Becoming Elizabeth II

Lillibet book coverLilibet
Carolly Erickson
Young Elizabeth book coverThe Young Elizabeth
Kate Williams
Brian Barker

 

Regal Relationships

Elizabeth and Philip book coverElizabeth and Philip
Geoffrey Bocca
Royal Sisters book coverRoyal Sisters
Anne Edwards
Sonia Purnell

 

Fiction about Women of Influence

Victoria book coverVictoria
Daisy Goodwin
Royal Nanny book coverThe Royal Nanny
Karen Harper
Elizabeth Loupas

 

Spotlight on Major Players

Churchill book coverChurchill
Martin Gilbert
Philip book coverPhilip
Tim Heald
Christopher Warwick

 

Staff Pick: This is Just My Face: Try Not to Stare by Gabourey Sidibe

Joanne from Community Services suggests This is Just My Face: Try Not to Stare by Gabourey Sidibe 

This is Just My Face Try Not to Stare book coverAcademy Award-nominated Gabourey Sidibe became a household name shortly after the release of the movie Precious. Focusing more on her early life as a child of a proud, cab-driving, African father and a free-spirited, teacher-turned-subway-singing mother, this deeply honest memoir will make it seem like you are out to dinner with Gabourey and a couple of girlfriends trying to outdo each other with crazy family stories.

Gabby was constantly getting in trouble for being disruptive and disrespectful due to her laugh. She describes it as more like a shrill scream followed by a loud snort. Everything she did was intense and that sometimes left her lonely. Being different on the outside when everyone else is the same can make you doubt what you are on the inside. She says, “I was Gabourey in a school of Jennifers.”

After a few false starts in college and intense therapy to treat her deep depression, she found steady work using her voice-over talent. Gabourey first read the novel Push five years before auditioning for the role as Precious for the film. It was an act of fate which got her to the audition, but she had the job two days later. The rest is history.

Jenny’s Pick: You Don’t Have to Say You Love Me by Sherman Alexie

Picture of JennyA mosaic of stray thoughts, stories and poems,  You Don’t Have to Say You Love Me by Sherman Alexie is a powerful meditation on Alexie’s complicated relationship with his mother in the aftermath of her passing. This book left me in awe of Alexie’s ability to wring your heart as he reaches into his history one moment and have you bursting out in laughter the next.

What to Read for National Reading Group Month

Reading Group Month logoThe truth that “good books bring people together” is one of the founding principles of National Reading Group Month. Whether you have been involved with a book club for years or have been thinking of trying your first, there is no better time to explore the possibilities of a story ripe for discussion. Find your category below and celebrate with a new title that entertains, challenges, and inspires!

 

Fabulous for First Discussions

Guernsey Literary and Potato Peel Society book coverThe Guernsey Literary and Potato Peel Pie Society
Mary Ann Shaffer & Annie Barrows
Sandra Dallas

 

Never Tried Nonfiction?

Year of Yes book coverYear of Yes
Shonda Rhimes
Warren St. John

 

Looking for a Lighter Option

Crocodile on the Sandbank book coverCrocodile on the Sandbank
Elizabeth Peters
Laura Dave

 

Staff-Selected Superstars

Cover of The Book of Unknown AmericansThe Book of Unknown Americans
Cristina Henríquez
Candice Millard

 

Not Afraid of Next-Level Reads

Station Eleven
Emily St. John Mandel
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Tiphanie Yanique
Kate Atkinson

 

UPDATE: Find more suggestions in Part Two of this series!

Interested in more suggestions? Stop by Fiction/AV/Teen Services on the second floor or ask online to visit our virtual desk. Also, check out titles in our book discussion collection, shop those available as Books-to-Go discussion kits, and help yourself to original questions and resources available through our website.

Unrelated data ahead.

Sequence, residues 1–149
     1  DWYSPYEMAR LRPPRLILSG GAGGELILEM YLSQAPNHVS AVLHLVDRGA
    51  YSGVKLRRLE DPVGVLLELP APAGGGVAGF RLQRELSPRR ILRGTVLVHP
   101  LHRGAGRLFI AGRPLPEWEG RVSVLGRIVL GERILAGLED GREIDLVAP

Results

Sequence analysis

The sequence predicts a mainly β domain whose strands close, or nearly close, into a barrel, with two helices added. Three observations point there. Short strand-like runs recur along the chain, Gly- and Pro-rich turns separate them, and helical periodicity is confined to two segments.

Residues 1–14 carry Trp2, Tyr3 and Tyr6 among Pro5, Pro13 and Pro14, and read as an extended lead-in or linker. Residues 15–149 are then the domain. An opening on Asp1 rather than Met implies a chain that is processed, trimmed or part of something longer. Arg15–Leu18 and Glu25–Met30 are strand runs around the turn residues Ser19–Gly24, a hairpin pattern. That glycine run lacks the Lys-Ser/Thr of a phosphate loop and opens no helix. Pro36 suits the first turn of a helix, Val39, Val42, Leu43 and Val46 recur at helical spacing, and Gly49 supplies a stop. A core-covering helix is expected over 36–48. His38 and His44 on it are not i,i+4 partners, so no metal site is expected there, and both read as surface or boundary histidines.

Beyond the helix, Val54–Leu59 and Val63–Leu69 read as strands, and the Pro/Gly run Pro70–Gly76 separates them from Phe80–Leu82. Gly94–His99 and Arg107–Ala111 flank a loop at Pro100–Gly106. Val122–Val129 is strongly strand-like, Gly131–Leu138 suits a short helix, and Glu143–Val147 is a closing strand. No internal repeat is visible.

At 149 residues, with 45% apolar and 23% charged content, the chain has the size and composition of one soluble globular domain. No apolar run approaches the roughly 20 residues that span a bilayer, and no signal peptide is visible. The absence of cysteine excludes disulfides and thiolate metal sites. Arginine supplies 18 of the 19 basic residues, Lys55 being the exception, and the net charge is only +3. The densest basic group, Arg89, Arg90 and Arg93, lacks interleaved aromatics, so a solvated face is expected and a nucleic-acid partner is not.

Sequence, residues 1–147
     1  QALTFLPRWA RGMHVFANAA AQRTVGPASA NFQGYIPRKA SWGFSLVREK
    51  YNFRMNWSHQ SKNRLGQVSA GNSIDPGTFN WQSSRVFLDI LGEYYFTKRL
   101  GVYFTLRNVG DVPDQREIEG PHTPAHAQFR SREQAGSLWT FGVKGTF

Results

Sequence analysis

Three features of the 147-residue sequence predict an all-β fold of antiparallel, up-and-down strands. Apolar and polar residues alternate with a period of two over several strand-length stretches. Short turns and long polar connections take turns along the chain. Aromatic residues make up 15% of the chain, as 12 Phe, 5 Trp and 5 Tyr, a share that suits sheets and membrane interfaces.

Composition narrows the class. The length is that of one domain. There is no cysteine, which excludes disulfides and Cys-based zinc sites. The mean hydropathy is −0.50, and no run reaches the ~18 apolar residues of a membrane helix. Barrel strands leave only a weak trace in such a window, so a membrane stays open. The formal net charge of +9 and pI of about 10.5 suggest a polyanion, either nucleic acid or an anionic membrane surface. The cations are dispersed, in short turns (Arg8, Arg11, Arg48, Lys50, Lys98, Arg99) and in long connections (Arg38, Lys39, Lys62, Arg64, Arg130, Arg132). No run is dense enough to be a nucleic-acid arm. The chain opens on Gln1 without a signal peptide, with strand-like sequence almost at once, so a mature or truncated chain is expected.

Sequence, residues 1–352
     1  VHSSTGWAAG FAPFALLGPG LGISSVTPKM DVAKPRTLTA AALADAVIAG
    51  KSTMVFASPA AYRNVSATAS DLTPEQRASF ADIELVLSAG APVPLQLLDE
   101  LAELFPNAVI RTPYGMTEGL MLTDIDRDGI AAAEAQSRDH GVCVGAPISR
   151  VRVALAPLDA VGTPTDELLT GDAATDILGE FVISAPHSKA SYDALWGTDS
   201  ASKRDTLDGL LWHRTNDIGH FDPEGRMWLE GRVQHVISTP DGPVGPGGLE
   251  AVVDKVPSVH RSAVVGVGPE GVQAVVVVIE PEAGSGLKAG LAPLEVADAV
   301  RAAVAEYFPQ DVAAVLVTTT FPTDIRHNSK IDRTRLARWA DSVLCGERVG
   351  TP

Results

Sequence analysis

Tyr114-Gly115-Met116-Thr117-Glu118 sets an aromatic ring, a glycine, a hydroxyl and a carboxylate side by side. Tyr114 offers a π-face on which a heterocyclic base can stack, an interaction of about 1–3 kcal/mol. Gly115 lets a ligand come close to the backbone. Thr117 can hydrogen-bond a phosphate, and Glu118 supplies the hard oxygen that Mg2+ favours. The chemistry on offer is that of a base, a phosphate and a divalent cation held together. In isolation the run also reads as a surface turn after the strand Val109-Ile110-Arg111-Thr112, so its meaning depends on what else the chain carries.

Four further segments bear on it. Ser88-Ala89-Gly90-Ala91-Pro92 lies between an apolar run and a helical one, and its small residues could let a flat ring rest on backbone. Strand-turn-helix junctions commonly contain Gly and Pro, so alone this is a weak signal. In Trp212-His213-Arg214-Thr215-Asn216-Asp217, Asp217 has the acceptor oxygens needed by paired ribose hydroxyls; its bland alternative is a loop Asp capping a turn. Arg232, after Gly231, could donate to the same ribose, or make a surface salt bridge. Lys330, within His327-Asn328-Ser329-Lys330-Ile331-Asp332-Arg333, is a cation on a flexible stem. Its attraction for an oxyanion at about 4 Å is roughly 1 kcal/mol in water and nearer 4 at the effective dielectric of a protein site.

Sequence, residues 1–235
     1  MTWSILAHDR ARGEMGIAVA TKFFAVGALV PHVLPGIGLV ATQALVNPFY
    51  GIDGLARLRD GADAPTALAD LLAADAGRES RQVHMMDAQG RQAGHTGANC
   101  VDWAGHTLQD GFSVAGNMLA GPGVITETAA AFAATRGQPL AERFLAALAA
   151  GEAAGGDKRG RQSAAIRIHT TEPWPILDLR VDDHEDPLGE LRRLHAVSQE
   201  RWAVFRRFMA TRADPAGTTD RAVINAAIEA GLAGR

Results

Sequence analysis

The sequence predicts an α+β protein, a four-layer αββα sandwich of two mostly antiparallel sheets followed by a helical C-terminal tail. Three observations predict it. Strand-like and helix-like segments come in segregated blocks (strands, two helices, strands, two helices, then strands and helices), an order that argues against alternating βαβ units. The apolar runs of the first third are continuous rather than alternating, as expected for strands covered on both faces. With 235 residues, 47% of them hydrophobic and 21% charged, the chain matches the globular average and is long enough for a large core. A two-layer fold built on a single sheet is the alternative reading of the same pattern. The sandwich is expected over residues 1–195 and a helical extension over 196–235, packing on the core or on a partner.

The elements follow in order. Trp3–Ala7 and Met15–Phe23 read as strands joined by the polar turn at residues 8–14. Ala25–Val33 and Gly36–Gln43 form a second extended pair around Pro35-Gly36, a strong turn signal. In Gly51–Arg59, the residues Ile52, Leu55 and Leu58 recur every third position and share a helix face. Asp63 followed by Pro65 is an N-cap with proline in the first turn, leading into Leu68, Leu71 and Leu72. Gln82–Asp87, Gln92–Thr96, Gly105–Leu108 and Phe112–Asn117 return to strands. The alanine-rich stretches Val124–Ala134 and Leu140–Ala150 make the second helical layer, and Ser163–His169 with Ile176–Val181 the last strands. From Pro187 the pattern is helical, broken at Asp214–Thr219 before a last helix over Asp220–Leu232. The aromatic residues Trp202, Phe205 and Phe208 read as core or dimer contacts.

Staff Pick: Greetings from Utopia Park by Claire Hoffman

Dale from Research Services suggests Greeting from Utopia Park by Claire Hoffman

Greetings from Utopia Park book coverGreetings from Utopia Park chronicles author Claire Hoffman’s personal experiences living and participating in the Transcendental Meditation movement. At age 5, Claire moves with her mother and brother to Fairfield, Iowa to join the followers of Maharishi Mahesh Yogi. This book is both the story of Claire’s childhood spent living in this community and a history of what Maharishi called the Global Headquarters of World Peace. Claire eventually rebels, moving away from the teachings of Transcendental Meditation, only to return later in life to examine and attempt to reconnect with her spiritual upbringing. If you have ever been curious about Transcendental Meditation and wanted to learn more about both the positive and negative aspects of this practice, you will find this book fascinating and enlightening.

 

Looking for something similar? Try one of these books!

Cover of Free Spirit Growing Up on the Road and Off the Grid

Free Spirit: Growing Up on the Road and Off the Grid
by Joshua Safran
A mother and son head for the road to find a utopia they could call home

by Augusten Burroughs
 A memoir detailing the unusual childhood of a boy sent to live with his mother’s eccentric psychiatrist.

 

A Tale of Love and Darkness book coverA Tale of Love and Darkness
by Amos Oz
Chronicles the author’s childhood in 40’s and 50’s Jerusalem.
Trancendence healing and transformation through transcendental meditation book coverTranscendence: healing and transformation through transcendental meditation
by Norman E. Rosenthal
This book discusses the benefits of Transcendental Meditation through stories of both ordinary people and well-known artists.
A Girl Named Zippy by Haven Kimmel book coverA Girl Named Zippy
by Haven Kimmel
 A memoir about growing up in small town Indiana.

 

Book Discussion Questions: The Girls of Atomic City by Denise Kiernan

Title:The Girls of Atomic City
Author: Denise Kiernan
Page Count: 309 pages
Genre: World War II Nonfiction, History
Tone: Informative, Atmospheric

Summary:
The story of several women who worked in various positions at the Clinton Engineering Works in Oak Ridge, Tennessee during World War II to secretly make fuel for the atomic bomb.

SPOILER WARNING: These book discussion questions are highly detailed and will ruin plot points if you have not read the book.

The Library is happy to share these original questions for your use. If reproducing, please credit with the following statement: 2017 Mount Prospect Public Library. All rights reserved. Used with Permission.